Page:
Although its US home is in New England, and it has a product line called Puritan, Covidien is no pilgrim to the medical device marketplace. With annual sales approaching $12 billion and offerings that include thousands of different products and brands, Covidien is a top player in the medical device industry. The company supplies everything from disposable medical products to surgical equipment and supplies. Customers include hospitals, surgical centers, and drug manufacturers, among others. It has nearly 50 global manufacturing sites and markets its products worldwide, although the US accounts for more than half of its sales. In a major move, the company plans to spin off its pharmaceuticals business.
Covidien in late 2011 announced plans to spin off its $2-billion-in-sales pharmaceuticals business into a stand-alone public company. The business, which generated 17% of Covidien's fiscal 2012 (ends September) sales, is a top producer of bulk acetaminophen and a top supplier of opioid pain medications in the US. The spin-off could take up to 18 months and requires regulatory approval.
Dublin-based Covidien rings up about 55% of its sales in the US. Europe is the firm's second-largest market, accounting for more than 20%, followed by the Asia-Pacific Region, representing about 16%.
The Medical device business, which includes endomechanical instruments, energy devices, and soft tissue repair products, accounts for more than two-thirds of Covidien's total sales. Pharmaceuticals represent 17%, while medical supplies, including nursing care and surgical products, represents about 15% of Covidien's total.
The company's medical devices segment, which brings in more than two-thirds of Covidien's total sales, provides products that include laparoscopic instruments and surgical staplers, LigaSure vessel sealing systems, and soft tissue repair products (V-Loc wound closure devices), vascular products (Pipeline Embolization Device; TurboHawk plaque excision) and Puritan Bennett ventilation products as well as sensors, monitors, and temperature management products (Nellcor; OxiMax). In 2011 the company's SpiderFX embolic protection device received FDA approval for use in lower extremity endovascular procedures.
The smaller medical supplies division develops, makes, and distributes nursing care products for managing incontinence, treating wounds (Curity and Kerlix brands), and enteral feeding systems; operating room supplies (electrodes, chart paper products); and such products as needles and syringes for OEMs, or other medical products manufacturers.
Covidien's sales and net income each increased by about 2% in fiscal 2012 (ends September) vs. the prior year. Medical device sales increased more than 3%, while sales of pharmaceuticals rose nearly 2% and medical supplies saw a drop off in sales of 2%. Sales of vascular products and energy devices both saw double-digit gains and drove the increase in the medical device business.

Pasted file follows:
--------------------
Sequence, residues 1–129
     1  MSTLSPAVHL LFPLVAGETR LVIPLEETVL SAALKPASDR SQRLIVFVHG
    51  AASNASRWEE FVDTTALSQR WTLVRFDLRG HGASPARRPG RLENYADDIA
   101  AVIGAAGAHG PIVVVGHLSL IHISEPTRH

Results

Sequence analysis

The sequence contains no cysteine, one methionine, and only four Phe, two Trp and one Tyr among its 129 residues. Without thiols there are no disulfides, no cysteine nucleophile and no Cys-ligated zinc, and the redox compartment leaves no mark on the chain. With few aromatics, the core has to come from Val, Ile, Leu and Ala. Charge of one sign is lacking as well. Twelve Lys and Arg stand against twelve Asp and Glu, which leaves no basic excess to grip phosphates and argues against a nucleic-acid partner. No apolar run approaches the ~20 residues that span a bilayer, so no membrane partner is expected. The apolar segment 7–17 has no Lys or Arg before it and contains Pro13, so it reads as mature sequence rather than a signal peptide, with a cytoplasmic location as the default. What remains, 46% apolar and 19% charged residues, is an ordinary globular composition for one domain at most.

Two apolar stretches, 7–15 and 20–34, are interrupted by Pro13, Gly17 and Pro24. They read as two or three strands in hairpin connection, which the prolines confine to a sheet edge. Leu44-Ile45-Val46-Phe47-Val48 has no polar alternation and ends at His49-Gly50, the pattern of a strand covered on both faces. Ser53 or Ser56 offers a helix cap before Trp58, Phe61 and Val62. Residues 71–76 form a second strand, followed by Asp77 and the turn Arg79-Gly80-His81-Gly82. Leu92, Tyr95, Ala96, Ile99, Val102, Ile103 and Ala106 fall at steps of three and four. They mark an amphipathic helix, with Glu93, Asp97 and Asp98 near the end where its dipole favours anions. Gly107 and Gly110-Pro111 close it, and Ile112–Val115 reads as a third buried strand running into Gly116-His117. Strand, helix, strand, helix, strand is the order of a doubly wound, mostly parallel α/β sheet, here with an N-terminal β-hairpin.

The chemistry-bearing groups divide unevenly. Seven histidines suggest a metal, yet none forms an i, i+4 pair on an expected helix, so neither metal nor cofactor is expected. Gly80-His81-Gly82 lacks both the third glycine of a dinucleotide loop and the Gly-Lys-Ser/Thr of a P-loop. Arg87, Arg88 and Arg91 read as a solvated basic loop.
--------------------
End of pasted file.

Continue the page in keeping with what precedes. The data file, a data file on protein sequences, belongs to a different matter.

Covidien has been increasing its spending on research and development in recent years. In fiscal 2012 R&D expenditures totaled $623 million (more than 5% of sales) vs. $554 million and $447 million in 2011 and 2010, respectively.
Covidien's growth regimen includes a steady diet of new product launches and acquisitions. Indeed, it has launched more than 100 new products since 2007 and new product sales have tripled over that time. The company's primary customers include hospitals, surgical centers, long-term care facilities, imaging centers, and drug manufacturers. Covidien often negotiates contracts through group purchasing organizations (GPOs), although it also sells its products through third-party distributors and direct sales representatives. Contracting with GPOs can be a bit of a double-edged sword for the company because, though they generally represent a large, diverse customer base requiring a wealth of medical supplies, they also exist to negotiate lower prices with suppliers like Covidien. GPO contracts are awarded on a category-by-category basis through competitive bidding; a process that tends to reduce the products' market prices. Despite an increasing number of its customers joining price-busting GPOs, Covidien has still increased its net sales revenue each year for the past six years.
Perhaps it is its dizzying array of inventory that helps keep Covidien in the black. The company manufactures more than 50,000 different medical devices and supplies, including electrodes, surgical kits, wound care dressings, needles, and syringes from Kendall, and wound closure and other surgical products.
Mergers and Acquisitions
In 2012 the company acquired Israeli pulmonary device maker superDimension, which markets the i-Logic bronchoscopy system for lung lesion biopsies, for some $300 million. It then purchased another Israeli firm, Oridion Systems, which produces Microstream capnography (airway ventilation) monitors and modules, for about $300 million. Also in 2012 acquisitive Covidien bought medical device maker BARRX Medical. The $325 million purchase added minimally-invasive devices used in gastrointestinal endoscopy procedures. The company also acquired private respiratory ventilator systems maker Newport Medical for about $108 million.
In a larger than usual deal, Covidien purchased medical device firm ev3 for some $2.6 billion in mid-2010. The purchase expanded the company's vascular device offerings in the areas of neurovascular and peripheral vascular disease; it also strengthened Covidien's relationships with specialty surgeons, cardiologists, and radiologists. – less
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